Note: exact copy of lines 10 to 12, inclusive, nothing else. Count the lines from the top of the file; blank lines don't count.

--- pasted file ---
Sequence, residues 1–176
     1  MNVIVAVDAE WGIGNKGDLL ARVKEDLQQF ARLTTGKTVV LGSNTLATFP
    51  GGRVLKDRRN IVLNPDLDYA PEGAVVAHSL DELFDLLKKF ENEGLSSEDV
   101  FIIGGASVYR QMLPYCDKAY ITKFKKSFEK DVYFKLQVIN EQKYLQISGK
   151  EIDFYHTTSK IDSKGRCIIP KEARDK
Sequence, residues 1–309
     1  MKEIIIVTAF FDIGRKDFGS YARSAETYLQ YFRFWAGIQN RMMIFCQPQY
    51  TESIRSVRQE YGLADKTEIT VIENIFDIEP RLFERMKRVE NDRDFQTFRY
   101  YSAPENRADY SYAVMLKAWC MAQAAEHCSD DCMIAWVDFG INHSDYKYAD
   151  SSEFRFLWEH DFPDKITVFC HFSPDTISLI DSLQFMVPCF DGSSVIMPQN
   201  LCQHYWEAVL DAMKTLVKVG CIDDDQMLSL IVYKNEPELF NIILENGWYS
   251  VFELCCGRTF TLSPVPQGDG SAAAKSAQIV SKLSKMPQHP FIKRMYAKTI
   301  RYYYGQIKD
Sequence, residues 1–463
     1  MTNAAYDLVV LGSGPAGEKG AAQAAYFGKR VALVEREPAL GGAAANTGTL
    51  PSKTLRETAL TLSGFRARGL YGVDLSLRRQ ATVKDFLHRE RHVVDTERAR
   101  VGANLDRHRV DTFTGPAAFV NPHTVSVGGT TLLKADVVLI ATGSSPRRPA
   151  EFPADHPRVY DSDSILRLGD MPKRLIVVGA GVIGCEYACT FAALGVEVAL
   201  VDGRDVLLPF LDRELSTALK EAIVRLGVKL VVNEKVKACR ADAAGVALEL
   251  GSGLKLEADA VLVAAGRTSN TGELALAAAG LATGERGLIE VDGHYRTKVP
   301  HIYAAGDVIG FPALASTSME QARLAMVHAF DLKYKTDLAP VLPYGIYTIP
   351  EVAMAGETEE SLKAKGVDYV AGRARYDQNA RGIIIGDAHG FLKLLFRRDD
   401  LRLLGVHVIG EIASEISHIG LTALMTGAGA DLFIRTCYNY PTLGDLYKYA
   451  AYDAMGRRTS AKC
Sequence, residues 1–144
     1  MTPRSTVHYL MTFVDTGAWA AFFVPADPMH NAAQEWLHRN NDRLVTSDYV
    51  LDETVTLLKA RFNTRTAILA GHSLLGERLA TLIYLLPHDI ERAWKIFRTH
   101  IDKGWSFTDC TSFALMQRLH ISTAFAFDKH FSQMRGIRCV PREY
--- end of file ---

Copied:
   151  SSEFRFLWEH DFPDKITVFC HFSPDTISLI DSLQFMVPCF DGSSVIMPQN
   201  LCQHYWEAVL DAMKTLVKVG CIDDDQMLSL IVYKNEPELF NIILENGWYS
   251  VFELCCGRTF TLSPVPQGDG SAAAKSAQIV SKLSKMPQHP FIKRMYAKTI